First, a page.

Studying in Rabat, Morocc - Hobart and William Smith Colleges
The HWS Update
Carly Kelly, WS ‘20 riding a camel with her program in the Sahara desert in Morocco.

Studying in Rabat, Morocco

Morocco_2Elizabeth Dunne ’19, Jennifer “Morgan” Hekking ’19 and Caroline Kelly ’20 are pleased to be studying in Morocco this spring. “I couldn’t be more grateful; this program is ideal for my academic and professional interests,” says Dunne.

The three William Smith students are studying in Rabat, under the auspices of the School for International Training (SIT), a non-profit organization that provides immersive, field-based study abroad programs for undergraduates.

Dunne is participating in SIT’s program in migration and transnational identity, through which she will travel to the Netherlands to see the impact of migration on a host country. “The program I’m in has visits planned for the UNHRC [United Nations High Commission on Refugees] and Moroccan migrant communities in Amsterdam,” says Dunne, who is an individual major in refugee studies with a minor in development studies.

Hekking and Kelly are enrolled in a program on multiculturalism and human rights, and are examining the issues shaping Morocco and the Arab world following the 2011 Arab Spring, when a series of demonstrations precipitated coups and regime changes throughout the Arab world. They will visit the ancient cities of Fes and Marrakech and meet with members of Morocco’s culturally diverse population, which includes individuals of Amazigh, Jewish, Arabic and Sub-Saharan African backgrounds.

“My program has a large anthropological component. I’m interested in topics such as religion, race and sexuality in the Moroccan context. We’ve covered a variety of topics that have augmented what I’ve gleaned from my studies at HWS,” says Hekking, an international relations major and Middle East studies minor.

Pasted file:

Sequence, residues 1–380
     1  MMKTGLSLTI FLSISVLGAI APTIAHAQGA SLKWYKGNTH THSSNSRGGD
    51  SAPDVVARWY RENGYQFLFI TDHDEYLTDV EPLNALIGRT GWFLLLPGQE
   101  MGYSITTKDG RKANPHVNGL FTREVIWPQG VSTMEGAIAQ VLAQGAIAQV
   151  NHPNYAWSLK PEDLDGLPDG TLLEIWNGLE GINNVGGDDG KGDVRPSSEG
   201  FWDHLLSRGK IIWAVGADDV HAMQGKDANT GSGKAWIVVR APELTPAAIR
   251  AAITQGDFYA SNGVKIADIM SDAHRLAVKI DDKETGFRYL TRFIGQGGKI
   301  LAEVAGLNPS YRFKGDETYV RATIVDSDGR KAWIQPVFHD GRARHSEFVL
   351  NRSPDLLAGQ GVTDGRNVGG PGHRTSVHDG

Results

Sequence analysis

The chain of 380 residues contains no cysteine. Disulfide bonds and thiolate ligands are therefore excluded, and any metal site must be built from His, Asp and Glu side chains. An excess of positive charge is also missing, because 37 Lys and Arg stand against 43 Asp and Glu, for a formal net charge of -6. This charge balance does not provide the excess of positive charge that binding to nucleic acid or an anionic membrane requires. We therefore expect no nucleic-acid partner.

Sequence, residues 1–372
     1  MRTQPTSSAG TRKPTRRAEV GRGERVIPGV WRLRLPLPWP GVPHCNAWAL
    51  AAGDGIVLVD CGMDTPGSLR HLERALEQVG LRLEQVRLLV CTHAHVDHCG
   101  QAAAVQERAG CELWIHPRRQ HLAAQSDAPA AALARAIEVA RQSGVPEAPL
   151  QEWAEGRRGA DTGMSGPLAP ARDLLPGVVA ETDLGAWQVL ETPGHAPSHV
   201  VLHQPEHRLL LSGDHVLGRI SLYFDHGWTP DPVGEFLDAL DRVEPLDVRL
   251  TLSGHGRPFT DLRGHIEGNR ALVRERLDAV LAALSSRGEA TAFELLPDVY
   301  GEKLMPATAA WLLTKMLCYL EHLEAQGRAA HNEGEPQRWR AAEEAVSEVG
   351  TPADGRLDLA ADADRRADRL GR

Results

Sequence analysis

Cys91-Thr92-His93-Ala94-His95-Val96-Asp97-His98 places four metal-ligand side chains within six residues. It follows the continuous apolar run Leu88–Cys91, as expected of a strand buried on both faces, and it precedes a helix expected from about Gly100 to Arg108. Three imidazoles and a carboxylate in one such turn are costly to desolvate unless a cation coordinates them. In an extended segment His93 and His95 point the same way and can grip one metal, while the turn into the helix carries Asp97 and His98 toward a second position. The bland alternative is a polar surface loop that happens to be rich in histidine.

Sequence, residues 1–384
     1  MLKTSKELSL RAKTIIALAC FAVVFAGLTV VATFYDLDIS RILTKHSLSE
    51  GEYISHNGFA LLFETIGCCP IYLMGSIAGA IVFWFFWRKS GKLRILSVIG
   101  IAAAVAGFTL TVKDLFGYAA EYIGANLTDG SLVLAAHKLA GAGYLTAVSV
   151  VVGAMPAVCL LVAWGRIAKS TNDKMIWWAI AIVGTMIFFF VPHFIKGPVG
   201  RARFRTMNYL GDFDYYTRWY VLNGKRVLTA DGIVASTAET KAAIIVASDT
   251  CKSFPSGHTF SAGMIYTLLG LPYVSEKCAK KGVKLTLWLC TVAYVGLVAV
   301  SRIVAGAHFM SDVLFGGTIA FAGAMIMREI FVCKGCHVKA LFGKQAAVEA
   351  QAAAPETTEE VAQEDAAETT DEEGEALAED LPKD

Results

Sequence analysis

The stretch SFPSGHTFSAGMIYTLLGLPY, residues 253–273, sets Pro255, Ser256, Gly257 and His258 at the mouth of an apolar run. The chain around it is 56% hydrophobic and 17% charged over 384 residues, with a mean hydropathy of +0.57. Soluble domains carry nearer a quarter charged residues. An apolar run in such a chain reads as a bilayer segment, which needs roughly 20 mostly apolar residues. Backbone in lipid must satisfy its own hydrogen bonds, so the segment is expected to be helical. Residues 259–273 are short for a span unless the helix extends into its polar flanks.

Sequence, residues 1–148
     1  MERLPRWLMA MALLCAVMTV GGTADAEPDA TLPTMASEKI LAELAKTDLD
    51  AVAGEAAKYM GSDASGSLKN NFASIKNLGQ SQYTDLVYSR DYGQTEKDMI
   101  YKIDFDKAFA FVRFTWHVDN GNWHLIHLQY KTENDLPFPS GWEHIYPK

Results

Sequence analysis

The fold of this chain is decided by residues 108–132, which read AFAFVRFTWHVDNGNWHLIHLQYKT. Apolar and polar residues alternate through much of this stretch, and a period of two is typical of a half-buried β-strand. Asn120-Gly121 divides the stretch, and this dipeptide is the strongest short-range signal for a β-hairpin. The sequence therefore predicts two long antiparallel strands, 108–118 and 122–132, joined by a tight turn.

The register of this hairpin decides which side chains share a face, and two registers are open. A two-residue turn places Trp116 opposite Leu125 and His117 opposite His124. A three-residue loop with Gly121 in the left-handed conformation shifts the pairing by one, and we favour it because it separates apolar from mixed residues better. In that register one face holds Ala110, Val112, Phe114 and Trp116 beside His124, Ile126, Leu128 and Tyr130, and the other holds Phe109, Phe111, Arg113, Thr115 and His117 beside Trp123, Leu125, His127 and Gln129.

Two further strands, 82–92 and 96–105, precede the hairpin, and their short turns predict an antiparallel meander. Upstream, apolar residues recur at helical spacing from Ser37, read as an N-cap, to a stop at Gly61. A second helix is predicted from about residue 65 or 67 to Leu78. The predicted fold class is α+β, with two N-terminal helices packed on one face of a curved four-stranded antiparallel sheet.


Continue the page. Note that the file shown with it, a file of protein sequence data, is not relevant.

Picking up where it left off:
For Kelly, an anthropology major with a minor in Middle Eastern studies, the opportunities are invaluable. “For anthropology,” she says, “it is important to get experience in the field.”

All three scholars say that their experience of living with a host family and experiencing everyday life in the country is one of the most rewarding aspects of their overseas studies. “The most amazing part has been the awesome people I’ve met here,” says Hekking.

For Dunne, living with a host family has academic benefits, especially enhancing the work she is doing to learn the Arabic language. “I am very grateful for the language immersion,” she says. “I believe this, in conjunction with our intensive Arabic language program, will yield significant results.”

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